Backed by financially heftier parent Komasa Jyozo, a popular Shochu maker, the likes of Kanosuke Distillery has been able to overcome the hurdle by retrofitting their existing Shochu production facilities to pump out much needed grain whiskies. (Image Source: Tabitto)
Now, it turns out that several craft distilleries have mustered the (financial) willpower to build their own grain distilling capabilities; the likes of Kanosuke and Sakurao distilleries have done so. This is in no small part due to their parent company’s extensive operations in retailing other spirits that grants them the necessary cash warchest to engage in larger investments in building out their new whisky ventures.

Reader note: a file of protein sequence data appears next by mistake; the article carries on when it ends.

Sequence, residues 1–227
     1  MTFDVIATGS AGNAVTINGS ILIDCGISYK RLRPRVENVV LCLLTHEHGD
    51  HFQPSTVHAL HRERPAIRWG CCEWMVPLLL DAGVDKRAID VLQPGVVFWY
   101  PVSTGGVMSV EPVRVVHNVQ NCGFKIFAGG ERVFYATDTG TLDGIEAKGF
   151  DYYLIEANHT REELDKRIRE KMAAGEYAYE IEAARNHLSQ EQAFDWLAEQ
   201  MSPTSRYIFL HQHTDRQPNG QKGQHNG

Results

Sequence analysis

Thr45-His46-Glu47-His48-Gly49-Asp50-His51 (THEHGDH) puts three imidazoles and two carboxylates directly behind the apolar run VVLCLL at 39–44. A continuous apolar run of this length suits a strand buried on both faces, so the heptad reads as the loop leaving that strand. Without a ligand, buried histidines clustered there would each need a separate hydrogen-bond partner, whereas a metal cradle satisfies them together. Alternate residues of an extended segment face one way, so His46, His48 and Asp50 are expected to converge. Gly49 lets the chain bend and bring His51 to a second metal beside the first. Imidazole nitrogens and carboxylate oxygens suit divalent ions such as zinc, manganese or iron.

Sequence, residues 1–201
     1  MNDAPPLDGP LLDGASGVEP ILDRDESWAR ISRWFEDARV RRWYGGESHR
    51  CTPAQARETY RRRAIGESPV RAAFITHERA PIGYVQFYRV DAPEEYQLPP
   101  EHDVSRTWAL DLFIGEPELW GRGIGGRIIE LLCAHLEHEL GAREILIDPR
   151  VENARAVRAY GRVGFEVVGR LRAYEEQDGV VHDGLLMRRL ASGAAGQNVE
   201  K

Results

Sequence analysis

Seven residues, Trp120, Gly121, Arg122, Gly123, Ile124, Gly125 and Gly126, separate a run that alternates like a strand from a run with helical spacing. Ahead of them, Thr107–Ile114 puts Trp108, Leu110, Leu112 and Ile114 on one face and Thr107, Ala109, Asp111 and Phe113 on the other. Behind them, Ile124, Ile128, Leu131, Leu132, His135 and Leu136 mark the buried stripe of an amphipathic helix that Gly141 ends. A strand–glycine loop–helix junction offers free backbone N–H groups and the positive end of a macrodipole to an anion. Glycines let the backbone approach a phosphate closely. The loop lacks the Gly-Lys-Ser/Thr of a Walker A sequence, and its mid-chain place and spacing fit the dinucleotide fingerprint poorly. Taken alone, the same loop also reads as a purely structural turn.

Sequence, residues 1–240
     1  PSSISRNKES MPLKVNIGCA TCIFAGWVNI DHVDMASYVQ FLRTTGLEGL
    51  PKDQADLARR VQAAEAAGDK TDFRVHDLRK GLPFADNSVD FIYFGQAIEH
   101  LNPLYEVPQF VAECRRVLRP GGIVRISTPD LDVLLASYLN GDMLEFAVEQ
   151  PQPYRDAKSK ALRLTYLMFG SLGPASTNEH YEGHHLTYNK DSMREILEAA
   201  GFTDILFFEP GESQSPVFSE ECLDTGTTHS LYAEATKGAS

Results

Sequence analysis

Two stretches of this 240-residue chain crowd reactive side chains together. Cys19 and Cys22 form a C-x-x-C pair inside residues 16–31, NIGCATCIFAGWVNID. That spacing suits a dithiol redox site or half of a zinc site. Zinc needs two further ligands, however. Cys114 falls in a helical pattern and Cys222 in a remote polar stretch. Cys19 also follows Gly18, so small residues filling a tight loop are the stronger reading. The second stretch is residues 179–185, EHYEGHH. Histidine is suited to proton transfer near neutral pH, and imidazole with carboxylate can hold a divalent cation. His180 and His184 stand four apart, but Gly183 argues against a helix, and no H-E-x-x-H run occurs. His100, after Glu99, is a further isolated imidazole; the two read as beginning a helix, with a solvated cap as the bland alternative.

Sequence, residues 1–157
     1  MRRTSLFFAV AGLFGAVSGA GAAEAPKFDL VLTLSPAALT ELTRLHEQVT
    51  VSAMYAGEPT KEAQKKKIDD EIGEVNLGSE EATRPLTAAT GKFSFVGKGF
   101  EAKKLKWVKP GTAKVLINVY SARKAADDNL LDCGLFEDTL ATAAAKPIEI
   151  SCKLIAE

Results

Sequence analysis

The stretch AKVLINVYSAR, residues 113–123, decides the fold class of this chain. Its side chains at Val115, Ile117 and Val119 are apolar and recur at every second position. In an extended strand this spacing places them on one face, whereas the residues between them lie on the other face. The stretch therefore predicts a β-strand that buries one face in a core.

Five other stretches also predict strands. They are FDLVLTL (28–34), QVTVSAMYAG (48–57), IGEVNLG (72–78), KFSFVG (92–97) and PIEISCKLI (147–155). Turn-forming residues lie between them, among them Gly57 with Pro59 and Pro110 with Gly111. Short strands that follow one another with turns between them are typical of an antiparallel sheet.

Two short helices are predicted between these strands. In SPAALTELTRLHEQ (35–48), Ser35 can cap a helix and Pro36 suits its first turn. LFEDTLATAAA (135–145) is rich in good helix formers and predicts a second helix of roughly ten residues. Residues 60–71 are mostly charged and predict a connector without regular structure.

For the likes of Saburomaru Distillery, unfortunately it does not seem to be the case. They would have to find some other way to get their hands on some locally produced grain whisky. As such, the distillery has opted for what is called a “stock swap”; that is to swap whiskies with another distillery. A totally new, yet increasingly popular choice, even if not for the need of grain whiskies, but to give distilleries some exciting partnerships to shout about and market their bottles. “Chichibu x Mars Komagatake” certainly has a nice ring to it. It is after all, a strategy used by social media influencers who make guest appearances in each other’s channels to drum up hype and cross-market one another.